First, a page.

My Mother
Robert Mezey (b. 1935)

My mother writes from Trenton,
a comedian to the bone
but underneath, serious
and all heart. "Honey," she says,
"be a mensch and Mary too,
it's no good to worry, you
are doing the best you can
your Dad and everyone
thinks you turned out very well
as long as you pay your bills
nobody can say a word
you can tell them to drop dead
so save a dollar it can't
hurt- remember Frank you went
to high school with? he still lives
with his wife's mother, his wife
works while he writes his books and
did he ever sell a one
the four kids run around naked
36 and he's never had,
you'll forgive my expression
even a pot to piss in
or a window to throw it,
such a smart boy he couldn't
read the footprints on the wall
honey you think you know all
the answers you don't, please try
to put some money away
believe me it wouldn't hurt
artist shmartist life's too short
for that kind of, forgive me,
horseshit, I know what you want
better than you, all that counts
is to make a good living
and the best of everything,
as Sholem Aleichem said
he was a great writer did
you ever read his books dear,
you should make what he makes a year
anyway he said some place
Poverty is no disgrace
but it's no honor either
that's what I say,

     In Robert Mezey's introduction to his mother's letter, he confirms his mother's love for him, "My mother {is} a comedian to the bone/ but underneath, serious/ and all heart." As the poem moves on, mother's letter makes it obvious that her son is in hard times and a good candidate for the "starving artist" title. However, any more insight on his character ends there, focusing more on Mother's personality than her son's.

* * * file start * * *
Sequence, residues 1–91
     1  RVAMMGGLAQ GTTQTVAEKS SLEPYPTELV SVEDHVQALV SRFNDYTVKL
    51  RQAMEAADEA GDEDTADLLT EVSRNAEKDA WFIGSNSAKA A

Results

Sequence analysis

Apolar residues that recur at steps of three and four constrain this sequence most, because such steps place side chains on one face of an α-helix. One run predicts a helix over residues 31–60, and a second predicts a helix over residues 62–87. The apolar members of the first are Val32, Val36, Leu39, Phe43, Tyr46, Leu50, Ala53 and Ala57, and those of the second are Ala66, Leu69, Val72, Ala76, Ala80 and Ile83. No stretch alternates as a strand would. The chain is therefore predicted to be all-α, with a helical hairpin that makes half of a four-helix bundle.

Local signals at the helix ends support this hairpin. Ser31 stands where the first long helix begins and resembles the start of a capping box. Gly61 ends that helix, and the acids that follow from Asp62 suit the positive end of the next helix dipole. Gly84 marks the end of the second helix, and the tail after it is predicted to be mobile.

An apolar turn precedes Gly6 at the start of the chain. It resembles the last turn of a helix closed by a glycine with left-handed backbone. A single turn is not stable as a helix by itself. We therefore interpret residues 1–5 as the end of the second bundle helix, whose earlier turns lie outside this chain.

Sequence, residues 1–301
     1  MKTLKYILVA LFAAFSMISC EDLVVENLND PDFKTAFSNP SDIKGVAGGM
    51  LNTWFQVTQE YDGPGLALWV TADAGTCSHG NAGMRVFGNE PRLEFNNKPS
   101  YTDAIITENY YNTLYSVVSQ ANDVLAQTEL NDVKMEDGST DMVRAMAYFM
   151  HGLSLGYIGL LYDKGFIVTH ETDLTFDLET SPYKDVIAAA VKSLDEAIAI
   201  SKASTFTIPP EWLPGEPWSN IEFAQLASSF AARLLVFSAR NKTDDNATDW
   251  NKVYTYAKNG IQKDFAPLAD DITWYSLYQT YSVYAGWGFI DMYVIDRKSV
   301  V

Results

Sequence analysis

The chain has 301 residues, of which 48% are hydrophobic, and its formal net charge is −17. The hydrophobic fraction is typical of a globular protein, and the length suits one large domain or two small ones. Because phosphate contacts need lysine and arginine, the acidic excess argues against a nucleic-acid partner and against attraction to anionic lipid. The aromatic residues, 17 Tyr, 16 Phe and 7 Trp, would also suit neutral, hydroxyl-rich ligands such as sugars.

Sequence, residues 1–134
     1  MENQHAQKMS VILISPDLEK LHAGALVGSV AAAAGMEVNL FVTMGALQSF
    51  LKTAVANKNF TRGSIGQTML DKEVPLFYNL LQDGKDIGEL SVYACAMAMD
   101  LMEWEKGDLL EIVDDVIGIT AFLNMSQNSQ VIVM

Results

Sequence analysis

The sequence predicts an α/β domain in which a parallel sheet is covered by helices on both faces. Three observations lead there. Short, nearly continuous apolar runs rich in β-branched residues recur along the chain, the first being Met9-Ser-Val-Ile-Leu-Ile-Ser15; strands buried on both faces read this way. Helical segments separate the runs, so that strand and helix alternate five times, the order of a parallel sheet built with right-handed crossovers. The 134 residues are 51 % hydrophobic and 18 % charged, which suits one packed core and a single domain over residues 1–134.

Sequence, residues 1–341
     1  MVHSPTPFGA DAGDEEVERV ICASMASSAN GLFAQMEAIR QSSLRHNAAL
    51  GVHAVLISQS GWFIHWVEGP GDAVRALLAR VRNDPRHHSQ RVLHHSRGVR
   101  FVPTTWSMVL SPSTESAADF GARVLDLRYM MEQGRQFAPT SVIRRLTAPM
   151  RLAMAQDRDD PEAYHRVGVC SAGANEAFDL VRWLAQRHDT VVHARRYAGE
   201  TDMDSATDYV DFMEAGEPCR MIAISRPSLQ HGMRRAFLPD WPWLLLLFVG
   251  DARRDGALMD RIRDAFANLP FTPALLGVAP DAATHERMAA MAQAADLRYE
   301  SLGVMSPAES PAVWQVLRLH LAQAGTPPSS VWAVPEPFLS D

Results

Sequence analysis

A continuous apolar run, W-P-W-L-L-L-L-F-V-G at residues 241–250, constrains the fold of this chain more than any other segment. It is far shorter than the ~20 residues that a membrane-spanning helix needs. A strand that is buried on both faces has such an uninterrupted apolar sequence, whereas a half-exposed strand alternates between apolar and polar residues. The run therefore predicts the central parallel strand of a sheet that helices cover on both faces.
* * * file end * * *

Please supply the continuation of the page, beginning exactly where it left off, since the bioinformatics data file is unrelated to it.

Initially, the poet's mother only seems nagging and sarcastic. Yet once the poem is read more carefully, pairs of lines acquire a loose rhyme and more obviously, mother's personality deepens.

     Mother loves her son in two obvious ways. First, there is a side of her that is "all heart" that wants her son to fulfill his aesthetic wants. Yet another part of Mother's personality is "serious" and practical, wanting him to "make a good living," and to have "the best of everything." This practical side sees her son's writing career only as a fancy or a whim with not much value in the real world. Though both forms of mother's love are most apparent throughout the poem, her sarcastic manner is also hard to ignore.

     Mother's "all heart" side, appears through the length of the poem mixed in with sarcastic instances. To begin with, she tells her son and his wife, "it's no good to worry, you/ are doing the best you can," but not long afterward her sarcasm reappears with practicality, "your Dad and everyone thinks you turned out very well/ as long as you pay your bills." Later her maternal instincts kick in, defending her son, "nobody can say a word/ you can tell them to drop dead."

     Mother cleverly uses Frank's case which is an extreme of her son's in her letter. It is most likely that her son sees himself in Frank who "still lives with his wife's mother {whose} wife/ works while he writes his books," and never sold one. Once more her sarcasm emerges, "such a smart boy he couldn't/ read the footprints on the wall." This mocking trend continues with, "you think you know all/ the answers you don't," and calls him an "artist shmartist." She sarcastic tone continues, "as Sholem Aleichem said/ he was a great writer. . . you should make what he makes a year."

     On a gentler but effective note mother closes her letter with a quotation from Aleichem, "someplace poverty is no disgrace/ but it's no honor either." Robert Mezey's mother, like most mothers, shows love for her child in many ways. In this case, mother advises her son with sarcasm, seriousness, and "all heart."